by Roy Underhill
Wood turning on a spring pole lathe is all about reciprocation, all about back and forth. For example:
Q: “Don’t you get tired of standing on one leg?”
A: “Sure, but if you try to work the treadle with both legs – you fall over.”
Q: “Bet you can’t wait for electricity!”
A: “Well, this is an alcohol-powered lathe!” (Said while taking a drink from your big colonial mug.)
Q: “That’s a lot safer than a power lathe.”
A: “Unless you lean forward too far!” (Said while tilting your head into the path of the descending spring pole.)
But snappy comebacks won’t win anyone over to your side of the spring pole lathe. The response that does win a true believer is this: “Here, give it a try!” (Said while passing the turning gouge into the questioner’s hands.)
Adapted from an old German technical encyclopedia, this lathe is precise, portable, powerful, adjustable, adaptable and self-contained. The two dead centers permit no play in the workpiece, and the direct drive of the cord wrapped around the wood loses no power in transmission, friction or vibration. The great virtue of this particular lathe is that it uses two wooden springs, linked by a sliding collar, to make the tension instantly adjustable. The overhead rocker arm lengthens the throw of the springs and puts the drive cord right where you need it.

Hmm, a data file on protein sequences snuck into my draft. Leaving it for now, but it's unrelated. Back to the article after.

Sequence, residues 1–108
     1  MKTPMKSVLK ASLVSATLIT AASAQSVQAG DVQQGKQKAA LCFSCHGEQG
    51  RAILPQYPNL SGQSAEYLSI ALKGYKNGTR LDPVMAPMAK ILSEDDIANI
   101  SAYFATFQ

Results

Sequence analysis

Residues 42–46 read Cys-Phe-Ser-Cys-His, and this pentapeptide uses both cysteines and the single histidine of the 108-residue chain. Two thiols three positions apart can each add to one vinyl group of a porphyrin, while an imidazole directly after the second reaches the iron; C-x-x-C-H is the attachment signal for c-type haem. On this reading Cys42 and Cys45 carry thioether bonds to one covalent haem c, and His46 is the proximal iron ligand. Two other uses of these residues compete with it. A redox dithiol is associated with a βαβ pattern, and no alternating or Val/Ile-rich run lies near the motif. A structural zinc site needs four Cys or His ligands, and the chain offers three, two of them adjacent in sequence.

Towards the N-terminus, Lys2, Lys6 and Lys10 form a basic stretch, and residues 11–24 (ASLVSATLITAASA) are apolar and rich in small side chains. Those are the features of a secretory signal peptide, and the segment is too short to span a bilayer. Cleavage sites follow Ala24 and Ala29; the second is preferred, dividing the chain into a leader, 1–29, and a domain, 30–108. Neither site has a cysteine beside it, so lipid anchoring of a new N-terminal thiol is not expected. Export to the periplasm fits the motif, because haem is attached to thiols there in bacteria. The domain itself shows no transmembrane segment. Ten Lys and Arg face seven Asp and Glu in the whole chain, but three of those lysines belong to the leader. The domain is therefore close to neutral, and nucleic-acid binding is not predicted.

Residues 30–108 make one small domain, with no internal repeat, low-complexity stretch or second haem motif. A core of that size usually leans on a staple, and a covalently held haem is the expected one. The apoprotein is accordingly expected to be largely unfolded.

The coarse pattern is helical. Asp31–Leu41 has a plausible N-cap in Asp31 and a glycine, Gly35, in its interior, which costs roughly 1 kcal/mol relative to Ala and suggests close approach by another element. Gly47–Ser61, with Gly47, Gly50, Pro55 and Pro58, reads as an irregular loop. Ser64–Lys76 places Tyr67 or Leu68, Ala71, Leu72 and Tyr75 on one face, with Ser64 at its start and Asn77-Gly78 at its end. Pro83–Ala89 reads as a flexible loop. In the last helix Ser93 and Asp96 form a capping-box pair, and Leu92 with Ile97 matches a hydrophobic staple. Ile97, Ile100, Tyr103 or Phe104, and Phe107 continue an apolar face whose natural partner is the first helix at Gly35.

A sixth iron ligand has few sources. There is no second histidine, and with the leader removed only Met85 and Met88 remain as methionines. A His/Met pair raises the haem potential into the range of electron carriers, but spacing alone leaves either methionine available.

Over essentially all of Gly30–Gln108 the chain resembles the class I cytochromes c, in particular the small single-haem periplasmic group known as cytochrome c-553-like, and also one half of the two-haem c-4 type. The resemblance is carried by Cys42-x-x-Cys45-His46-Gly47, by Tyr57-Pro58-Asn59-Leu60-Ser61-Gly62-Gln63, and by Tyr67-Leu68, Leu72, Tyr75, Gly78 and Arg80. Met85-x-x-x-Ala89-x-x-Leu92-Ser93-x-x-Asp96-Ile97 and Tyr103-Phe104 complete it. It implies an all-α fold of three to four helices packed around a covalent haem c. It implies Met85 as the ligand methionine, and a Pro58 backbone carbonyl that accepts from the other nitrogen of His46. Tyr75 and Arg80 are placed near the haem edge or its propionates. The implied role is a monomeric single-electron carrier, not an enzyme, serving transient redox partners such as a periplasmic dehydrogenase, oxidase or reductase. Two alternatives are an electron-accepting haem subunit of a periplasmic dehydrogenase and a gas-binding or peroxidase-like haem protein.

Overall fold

Equally important in this design, however, aside from how rewarding the lathe is to make and use, is how accessible the materials are. I based the entire design on readily available pine construction timber and you can just about build the entire lathe from a single 12′-long 2×12 ripped down to the actual 4″ and 7″ widths required.
Model: Download a free SketchUp model of the pole lathe.
Website: Take a class with the author; find out more at woodwrightschool.com.
Article: Read “Roy Underhill: Still an Agent of Subversion,” by Christopher Schwarz.
In Our Store: You’ll find the first 31 seasons of “The Woodwright’s Shop” available on DVD.